Education is always the answer to every social and economic problem...

When the problem exists amongst the people the solution too lies within and must be unravelled. Human behaviour is woven into every individual based on an individualised experience of education, culture and upbringing. It can exacerbate the challenges we face or contribute towards solving it. 

In ‘The Good Country Project,’ Simon calls for a new global compact on educational values, virtues and principles, a universal upheaval of education systems around the world to teach values that will build a new generation that will run towards the global challenges instead of running away from them.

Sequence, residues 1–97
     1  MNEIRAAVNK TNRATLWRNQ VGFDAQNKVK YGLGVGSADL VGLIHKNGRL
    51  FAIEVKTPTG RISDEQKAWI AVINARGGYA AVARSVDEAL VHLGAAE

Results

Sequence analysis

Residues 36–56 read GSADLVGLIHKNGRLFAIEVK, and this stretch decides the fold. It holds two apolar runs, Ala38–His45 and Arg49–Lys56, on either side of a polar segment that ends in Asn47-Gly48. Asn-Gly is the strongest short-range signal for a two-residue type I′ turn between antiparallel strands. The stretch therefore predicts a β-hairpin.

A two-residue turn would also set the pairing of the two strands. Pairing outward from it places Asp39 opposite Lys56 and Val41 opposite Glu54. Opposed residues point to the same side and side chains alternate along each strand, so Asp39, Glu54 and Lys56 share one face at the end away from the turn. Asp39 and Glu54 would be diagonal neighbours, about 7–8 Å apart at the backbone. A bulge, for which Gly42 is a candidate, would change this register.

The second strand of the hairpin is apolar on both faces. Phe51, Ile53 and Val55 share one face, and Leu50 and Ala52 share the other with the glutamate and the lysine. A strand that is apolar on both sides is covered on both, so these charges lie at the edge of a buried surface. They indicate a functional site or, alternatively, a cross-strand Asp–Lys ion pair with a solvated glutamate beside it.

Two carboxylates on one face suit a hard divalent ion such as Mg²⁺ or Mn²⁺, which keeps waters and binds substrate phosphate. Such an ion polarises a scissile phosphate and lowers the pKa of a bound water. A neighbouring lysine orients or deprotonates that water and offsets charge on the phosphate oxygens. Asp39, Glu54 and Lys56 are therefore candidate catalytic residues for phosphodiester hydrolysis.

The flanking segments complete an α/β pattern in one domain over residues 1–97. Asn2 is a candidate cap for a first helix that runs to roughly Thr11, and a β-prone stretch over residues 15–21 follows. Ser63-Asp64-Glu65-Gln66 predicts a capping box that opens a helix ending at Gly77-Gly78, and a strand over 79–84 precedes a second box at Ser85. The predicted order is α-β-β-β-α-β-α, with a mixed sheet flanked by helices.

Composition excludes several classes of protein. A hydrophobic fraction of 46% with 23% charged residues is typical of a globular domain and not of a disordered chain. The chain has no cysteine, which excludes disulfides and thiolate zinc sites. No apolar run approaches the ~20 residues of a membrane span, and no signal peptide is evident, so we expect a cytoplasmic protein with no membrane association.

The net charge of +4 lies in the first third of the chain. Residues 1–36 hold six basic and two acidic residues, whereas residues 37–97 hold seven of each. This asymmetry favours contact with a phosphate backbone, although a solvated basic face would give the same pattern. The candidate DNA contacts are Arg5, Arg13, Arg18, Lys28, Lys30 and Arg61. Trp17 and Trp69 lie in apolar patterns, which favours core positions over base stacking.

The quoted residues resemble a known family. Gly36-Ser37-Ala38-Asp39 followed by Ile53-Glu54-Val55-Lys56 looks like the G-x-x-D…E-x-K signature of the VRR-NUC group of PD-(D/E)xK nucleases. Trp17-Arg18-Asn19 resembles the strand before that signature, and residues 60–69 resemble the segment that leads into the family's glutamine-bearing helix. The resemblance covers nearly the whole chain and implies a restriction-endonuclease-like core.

This will enable young citizens to be suitably armed to face the challenges of the age they live in and tackle the present day challenges. It could create a generation of Good citizens that are able to start fixing things in just one generation. ‘Social Engineering’ can singularly save humanity from its own destructive instinct. 

Our world is truly globalised, and its citizens are interconnected and interdependent. What goes on in Sri Lanka has an impact on every other country on Earth. The next generation must learn to think differently and behave differently.


Collaboration: focusing on the system